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3 ways technology is transforming supply chains

Companies such as Cisco help illustrate how supply chains are increasingly enmeshed with technology — an important convergence for those tasked with overseeing supply chain sustainability.

Over the last few years, technology quickly has become so integrated into daily life that it seems nearly impossible to imagine a normal workday without some gadget or software to help make life a little easier.

Not only have ordinary citizens adopted tech to suit their needs and desires in the form of smartphones, tablets, wearables and the various applications that exist on these platforms, but entire enterprises and departments within businesses also couldn't function in the manner we've come to expect without it.

There are few areas of life where technology hasn't made a large impact, and that seems to suit the general public just fine. Because of this close integration, technology in and around the supply chain is a vital part of company operations.

Here are a few examples of the importance of technology to supply chain, manufacturing and procurement services:

1. IT leadership meets operations

As businesses across the world realize just how vital technology is to their operations, new positions have been added to address the growing need for expertise. However, some enterprises are opting to put refined knowledge on the subject to use on supply chains, with chief information officers being promoted to senior operations positions.

As The Wall Street Journal reported, Cisco Systems made Rebecca Jacoby, former CIO, the senior vice president of operations and put the well-being of the supply chain in her hands — a move that highlights the importance of technology in supply chain management.

Cisco is not the only company to recognize the shift toward digital. Not only is management easier when leveraging applications for supply chain means, but there's far more control to be had.

IT experts are not only ideal for this position because of their extensive knowledge of existing systems, but they probably are more likely to think of how they can leverage other technologies in the future.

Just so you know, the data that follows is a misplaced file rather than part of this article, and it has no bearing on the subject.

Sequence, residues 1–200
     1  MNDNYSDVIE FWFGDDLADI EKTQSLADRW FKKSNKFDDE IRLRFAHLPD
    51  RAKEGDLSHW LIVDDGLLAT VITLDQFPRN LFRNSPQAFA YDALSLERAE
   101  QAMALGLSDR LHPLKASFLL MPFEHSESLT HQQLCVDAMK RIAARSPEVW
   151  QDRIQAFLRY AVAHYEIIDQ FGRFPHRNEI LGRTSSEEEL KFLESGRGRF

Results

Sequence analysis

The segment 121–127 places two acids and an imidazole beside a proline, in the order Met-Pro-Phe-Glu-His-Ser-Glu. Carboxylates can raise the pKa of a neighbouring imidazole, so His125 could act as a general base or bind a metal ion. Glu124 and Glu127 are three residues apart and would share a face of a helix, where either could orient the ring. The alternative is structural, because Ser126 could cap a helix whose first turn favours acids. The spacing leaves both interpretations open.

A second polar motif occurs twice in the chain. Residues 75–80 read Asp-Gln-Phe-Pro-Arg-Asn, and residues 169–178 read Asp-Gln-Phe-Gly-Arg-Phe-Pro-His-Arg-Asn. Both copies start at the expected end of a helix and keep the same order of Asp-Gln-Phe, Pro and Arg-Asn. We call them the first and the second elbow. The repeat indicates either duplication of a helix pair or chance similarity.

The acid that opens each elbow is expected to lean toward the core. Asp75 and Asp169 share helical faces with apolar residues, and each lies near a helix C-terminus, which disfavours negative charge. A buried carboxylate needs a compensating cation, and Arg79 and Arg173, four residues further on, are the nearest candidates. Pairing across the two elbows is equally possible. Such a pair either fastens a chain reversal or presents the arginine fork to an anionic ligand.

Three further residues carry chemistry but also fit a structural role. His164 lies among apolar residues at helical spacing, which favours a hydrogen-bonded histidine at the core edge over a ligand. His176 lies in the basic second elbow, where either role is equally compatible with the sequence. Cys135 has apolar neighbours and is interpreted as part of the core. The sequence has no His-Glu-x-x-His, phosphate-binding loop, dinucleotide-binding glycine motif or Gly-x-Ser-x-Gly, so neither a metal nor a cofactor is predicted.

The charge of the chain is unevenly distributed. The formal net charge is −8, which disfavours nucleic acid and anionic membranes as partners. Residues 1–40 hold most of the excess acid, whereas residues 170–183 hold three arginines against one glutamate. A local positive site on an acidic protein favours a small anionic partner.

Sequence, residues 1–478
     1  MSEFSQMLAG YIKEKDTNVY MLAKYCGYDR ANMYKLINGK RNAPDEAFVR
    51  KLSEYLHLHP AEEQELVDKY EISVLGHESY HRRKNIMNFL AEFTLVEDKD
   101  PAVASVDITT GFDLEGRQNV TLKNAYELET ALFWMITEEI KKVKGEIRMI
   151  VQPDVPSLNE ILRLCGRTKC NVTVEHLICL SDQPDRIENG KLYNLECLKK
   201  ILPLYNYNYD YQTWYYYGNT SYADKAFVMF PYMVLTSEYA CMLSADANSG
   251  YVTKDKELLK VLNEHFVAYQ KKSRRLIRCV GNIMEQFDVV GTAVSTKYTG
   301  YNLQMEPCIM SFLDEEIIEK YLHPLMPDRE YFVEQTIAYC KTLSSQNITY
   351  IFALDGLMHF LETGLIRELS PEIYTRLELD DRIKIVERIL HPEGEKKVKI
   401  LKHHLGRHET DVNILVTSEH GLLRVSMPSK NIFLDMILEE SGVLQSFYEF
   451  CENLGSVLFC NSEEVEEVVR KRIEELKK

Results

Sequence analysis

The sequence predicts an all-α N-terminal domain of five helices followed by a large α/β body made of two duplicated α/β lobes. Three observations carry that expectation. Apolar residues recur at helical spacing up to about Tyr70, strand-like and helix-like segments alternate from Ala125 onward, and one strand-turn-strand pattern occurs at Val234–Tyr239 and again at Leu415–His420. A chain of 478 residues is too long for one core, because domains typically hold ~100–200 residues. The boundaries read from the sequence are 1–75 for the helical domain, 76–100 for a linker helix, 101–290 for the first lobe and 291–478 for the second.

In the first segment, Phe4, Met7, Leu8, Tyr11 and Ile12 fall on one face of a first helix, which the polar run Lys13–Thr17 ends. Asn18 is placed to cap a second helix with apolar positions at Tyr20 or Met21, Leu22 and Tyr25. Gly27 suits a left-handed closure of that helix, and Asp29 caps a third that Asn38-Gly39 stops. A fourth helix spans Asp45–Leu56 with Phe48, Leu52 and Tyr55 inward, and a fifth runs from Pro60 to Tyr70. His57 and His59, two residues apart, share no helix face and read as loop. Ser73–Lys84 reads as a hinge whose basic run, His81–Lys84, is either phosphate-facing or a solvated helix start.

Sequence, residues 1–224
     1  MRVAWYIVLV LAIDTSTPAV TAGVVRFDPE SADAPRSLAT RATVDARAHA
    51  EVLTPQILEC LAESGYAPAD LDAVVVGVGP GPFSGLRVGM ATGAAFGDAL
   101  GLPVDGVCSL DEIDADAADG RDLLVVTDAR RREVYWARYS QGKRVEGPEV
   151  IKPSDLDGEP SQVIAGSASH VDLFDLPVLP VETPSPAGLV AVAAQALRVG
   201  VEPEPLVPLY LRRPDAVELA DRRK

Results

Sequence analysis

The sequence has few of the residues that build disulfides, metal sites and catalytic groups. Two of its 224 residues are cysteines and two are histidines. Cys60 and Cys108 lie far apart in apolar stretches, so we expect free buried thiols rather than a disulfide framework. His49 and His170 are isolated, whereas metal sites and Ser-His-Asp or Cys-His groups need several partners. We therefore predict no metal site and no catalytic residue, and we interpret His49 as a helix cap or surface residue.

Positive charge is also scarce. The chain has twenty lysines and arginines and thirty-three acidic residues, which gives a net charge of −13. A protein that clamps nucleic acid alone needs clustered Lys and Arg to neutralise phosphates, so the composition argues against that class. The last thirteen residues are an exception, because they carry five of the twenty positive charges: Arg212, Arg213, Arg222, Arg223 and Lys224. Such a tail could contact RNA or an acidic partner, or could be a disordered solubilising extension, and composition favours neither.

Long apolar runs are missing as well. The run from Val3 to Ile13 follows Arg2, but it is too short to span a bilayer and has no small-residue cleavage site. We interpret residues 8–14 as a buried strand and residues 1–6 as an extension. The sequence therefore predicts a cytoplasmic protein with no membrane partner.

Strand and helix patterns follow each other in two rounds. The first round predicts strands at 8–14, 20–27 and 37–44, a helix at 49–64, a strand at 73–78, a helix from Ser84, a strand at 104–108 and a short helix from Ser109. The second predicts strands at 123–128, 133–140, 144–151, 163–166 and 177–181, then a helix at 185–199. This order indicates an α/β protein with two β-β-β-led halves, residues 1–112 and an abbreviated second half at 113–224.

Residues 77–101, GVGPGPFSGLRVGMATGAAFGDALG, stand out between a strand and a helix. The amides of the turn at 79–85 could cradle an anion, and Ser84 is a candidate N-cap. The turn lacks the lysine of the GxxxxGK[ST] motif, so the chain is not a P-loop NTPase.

2. Tech-assisted transparency

The best way for a supply chain to run smoothly is to have full transparency across the board.

Suppliers and procurement services are more likely to fall into hot water if they shroud their transactions in secrecy related to environmental or social impacts. And these days, consumers have many questions about the origins of their food, clothing, electronics, etc., and outright transparency would be able to answer those questions with some swift moves of a finger on a smartphone screen.

CoinDesk reported that developers, using technology inspired by BitCoin, are working on an application that will be able to outline and address all questions that someone may have about the supply chain of a given item.

The source noted that restaurants could list the ingredients in a dish and this new applications would be able to tell the diner where the crops came from and how they were grown. Not only is this transparent, but it gives consumers a sense of control — an appealing concept for many discerning "foodies."

3. Keeping a competitive edge

As far as the technological world is concerned, providing the public with the newest software or feature is the most important key to the game. If a company can beat out a competitor by getting the product out just a few weeks before a competitor, it most likely will be seen as the front-runner and an innovator, while the business that falls behind could be seen as a copycat.

The Register noted that Apple has been playing around with the idea of a dual-lens for its camera that helps with depth-sensing technology. Currently, there's no patent for the sensor because there had been many issues and holdups in the supply chain back in 2010.

Of course, Apple is not the only company implementing this sort of camera; competitors such as HTC and Samsung are also looking into such tech.

As these examples demonstrate, technology is already important in and for the supply chain — and it's only going to get more integrated as time goes on.

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